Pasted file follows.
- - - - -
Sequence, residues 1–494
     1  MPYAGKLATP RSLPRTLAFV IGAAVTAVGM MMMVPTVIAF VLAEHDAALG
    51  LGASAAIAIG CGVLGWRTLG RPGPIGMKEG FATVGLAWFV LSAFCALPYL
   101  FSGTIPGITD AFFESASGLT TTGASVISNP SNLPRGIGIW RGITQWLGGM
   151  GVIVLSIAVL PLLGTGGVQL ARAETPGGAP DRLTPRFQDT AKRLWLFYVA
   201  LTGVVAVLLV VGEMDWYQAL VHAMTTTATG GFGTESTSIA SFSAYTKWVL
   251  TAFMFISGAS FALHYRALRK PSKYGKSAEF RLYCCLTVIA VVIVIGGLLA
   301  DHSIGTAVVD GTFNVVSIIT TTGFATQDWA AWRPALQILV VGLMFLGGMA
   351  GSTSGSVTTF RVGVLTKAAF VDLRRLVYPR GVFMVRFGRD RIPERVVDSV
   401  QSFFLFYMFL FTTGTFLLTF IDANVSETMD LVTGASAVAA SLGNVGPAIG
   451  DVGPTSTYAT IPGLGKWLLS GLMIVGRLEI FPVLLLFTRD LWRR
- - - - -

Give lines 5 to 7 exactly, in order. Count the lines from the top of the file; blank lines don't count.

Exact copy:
   151  GVIVLSIAVL PLLGTGGVQL ARAETPGGAP DRLTPRFQDT AKRLWLFYVA
   201  LTGVVAVLLV VGEMDWYQAL VHAMTTTATG GFGTESTSIA SFSAYTKWVL
   251  TAFMFISGAS FALHYRALRK PSKYGKSAEF RLYCCLTVIA VVIVIGGLLA